The value of approvals, $1.07 billion for the 13 weeks to 18 April, was above $1.1 billion for all but the quarters ending in the 2 holiday weeks, but dipped to $996 million in the 18 July week. The difference between this year and the same 13 weeks of 2013 has grown from a 7.3% decline in mid-April to a 12% decline at 18 July. Comparing the whole year against the previous year, the decline has gone from 2.9% in April to 6.5% at 18 July.

New loan commitments above the 80% loan:value ratio (LVR) were halved in the first month they were introduced, last October, from $1.187 billion in September to $585 million. They declined sharply every month, down to $147 million in January, but have since been rising, to $358 million in June.

High-LVR loans made up 25.1% of the total in September 2013, were cut to 12.8% in October and fell to 4.8% in January & March. They’ve since risen to 8% of all loans. After construction-lending exemptions, the high-LVR share of mortgages fell from 11.5% last October to 3.6% in January & March, but has steadily risen in the last 3 months to reach 6.7% in June.\(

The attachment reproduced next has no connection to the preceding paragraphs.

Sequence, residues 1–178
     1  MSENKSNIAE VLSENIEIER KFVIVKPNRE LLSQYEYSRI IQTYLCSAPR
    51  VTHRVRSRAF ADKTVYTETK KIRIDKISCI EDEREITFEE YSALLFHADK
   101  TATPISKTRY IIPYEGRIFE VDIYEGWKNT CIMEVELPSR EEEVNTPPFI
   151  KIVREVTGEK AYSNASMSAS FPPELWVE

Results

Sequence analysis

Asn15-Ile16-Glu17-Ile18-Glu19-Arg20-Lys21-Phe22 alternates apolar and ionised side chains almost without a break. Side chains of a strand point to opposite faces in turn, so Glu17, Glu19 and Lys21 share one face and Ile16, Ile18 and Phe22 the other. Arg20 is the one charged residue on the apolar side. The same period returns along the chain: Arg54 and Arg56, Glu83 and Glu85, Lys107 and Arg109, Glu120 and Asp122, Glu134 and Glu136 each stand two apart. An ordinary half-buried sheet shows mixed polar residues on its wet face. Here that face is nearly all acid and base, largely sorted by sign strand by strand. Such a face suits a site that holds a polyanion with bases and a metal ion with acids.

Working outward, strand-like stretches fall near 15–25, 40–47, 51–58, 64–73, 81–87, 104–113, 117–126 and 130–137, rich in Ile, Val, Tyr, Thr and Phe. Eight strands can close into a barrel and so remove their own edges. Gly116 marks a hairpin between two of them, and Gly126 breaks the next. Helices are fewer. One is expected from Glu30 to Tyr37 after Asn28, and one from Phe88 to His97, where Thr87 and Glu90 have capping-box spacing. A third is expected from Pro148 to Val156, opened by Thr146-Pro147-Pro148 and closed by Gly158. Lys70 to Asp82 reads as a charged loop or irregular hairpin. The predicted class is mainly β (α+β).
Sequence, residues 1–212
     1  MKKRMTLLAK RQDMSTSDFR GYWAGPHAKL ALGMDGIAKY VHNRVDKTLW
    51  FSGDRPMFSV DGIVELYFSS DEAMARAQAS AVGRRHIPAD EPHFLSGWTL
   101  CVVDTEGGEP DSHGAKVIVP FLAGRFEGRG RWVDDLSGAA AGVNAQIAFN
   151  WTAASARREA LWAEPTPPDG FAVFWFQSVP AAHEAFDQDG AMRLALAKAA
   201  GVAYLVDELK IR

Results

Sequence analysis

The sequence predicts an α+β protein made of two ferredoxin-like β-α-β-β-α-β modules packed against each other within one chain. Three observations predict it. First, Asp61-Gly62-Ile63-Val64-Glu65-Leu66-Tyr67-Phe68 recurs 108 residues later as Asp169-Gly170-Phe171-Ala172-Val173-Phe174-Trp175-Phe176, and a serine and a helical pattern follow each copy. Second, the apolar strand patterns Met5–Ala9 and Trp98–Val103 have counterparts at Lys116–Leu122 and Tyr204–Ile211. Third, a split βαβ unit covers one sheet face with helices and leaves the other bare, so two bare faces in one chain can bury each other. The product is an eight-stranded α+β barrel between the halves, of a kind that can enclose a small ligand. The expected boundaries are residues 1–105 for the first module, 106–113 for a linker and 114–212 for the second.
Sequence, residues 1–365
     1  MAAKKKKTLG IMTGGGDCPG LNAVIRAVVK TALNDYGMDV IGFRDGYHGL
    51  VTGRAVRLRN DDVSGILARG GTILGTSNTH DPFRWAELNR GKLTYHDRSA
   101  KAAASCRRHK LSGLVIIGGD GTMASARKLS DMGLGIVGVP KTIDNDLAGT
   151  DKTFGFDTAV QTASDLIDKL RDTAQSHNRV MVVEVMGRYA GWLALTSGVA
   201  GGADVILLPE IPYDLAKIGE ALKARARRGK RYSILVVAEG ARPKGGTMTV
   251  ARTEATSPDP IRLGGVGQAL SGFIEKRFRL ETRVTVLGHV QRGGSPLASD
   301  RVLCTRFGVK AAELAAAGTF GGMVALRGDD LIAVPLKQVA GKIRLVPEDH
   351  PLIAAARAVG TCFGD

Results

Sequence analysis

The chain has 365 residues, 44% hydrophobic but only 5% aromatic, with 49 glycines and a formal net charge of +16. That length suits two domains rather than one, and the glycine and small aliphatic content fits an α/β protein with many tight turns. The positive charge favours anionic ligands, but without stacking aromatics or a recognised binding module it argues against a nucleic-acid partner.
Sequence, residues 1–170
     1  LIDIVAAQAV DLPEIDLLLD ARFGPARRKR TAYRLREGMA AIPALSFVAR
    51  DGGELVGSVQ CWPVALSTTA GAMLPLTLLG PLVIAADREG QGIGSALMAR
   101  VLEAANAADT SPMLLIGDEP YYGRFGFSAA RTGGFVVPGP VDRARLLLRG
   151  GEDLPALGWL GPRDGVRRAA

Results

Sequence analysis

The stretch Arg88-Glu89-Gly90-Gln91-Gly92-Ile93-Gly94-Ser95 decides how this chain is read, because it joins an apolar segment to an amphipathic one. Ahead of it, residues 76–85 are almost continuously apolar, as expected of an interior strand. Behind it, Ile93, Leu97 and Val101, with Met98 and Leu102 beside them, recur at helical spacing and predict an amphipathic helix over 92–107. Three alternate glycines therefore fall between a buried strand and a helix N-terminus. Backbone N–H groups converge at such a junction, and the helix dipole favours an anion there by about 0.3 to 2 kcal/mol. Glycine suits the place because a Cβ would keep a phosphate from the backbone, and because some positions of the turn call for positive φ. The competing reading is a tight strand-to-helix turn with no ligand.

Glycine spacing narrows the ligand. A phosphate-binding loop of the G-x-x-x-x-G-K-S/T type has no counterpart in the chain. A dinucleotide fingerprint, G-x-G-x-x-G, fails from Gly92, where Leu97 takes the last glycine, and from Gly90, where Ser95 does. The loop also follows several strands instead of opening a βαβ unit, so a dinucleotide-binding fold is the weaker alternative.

Latest Apartment Sales

4 apartments sold under the hammer out of 6 offered at Ray White City Apartments’ auction today. They included a leasehold unit in Q Central (at the top of Queen St, in photo) with $12,500/year of outgoings, which was marked down to $1473/m².

Q Central, 50 Liverpool St, unit 2A:
leasehold, 65m², 2 bedrooms
Outgoings: rates $1014/year including gst; body corp levy $3616/year, ground rent $8862/year
Income assessment: $500/week, currently vacant
Outcome: sold for $95,100

Santa Fe, 21 Day St, unit 3:
82m², 2 bedrooms, balcony, secure parking space; a remedial reclad was completed in 2006
Outgoings: rates $1231/year including gst; body corp levy $3759/year
Income assessment: $550-650/week depending on furnishings
Outcome: passed in at $300,000

Harvard, 147 Hobson St, unit GG:
37m², 2 bedrooms, parking space
Outgoings: rates $857/year including gst; body corp levy $4496/year
Income assessment: $400/week for the unit, $50/week for the parking space
Outcome: passed in at $195,000

Heritage Tower, 22 Nelson St, unit 911:
furnished studio, deck
Outgoings: rates $2197/year including gst; body corp levy $5041/year
Income assessment: $522/month + gst; the unit is under hotel management but can become on 30 September
Outcome: sold for $147,500 + gst

Imperial Gardens, 135 Hobson St, unit 521:
35m², one bedroom, parking space
Outgoings: rates $952/year including gst; body corp levy $3068/year
Income assessment: $380/week until 11 October
Outcome: sold for $227,000

Memphis, 5 Charlotte St, unit 2C: